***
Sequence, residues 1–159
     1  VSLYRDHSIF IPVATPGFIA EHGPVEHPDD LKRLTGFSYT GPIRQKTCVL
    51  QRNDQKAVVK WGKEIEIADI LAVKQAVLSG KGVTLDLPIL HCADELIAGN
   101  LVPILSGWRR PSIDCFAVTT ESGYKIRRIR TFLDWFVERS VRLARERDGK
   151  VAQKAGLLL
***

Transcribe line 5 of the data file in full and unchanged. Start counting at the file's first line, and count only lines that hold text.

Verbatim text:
   151  VAQKAGLLL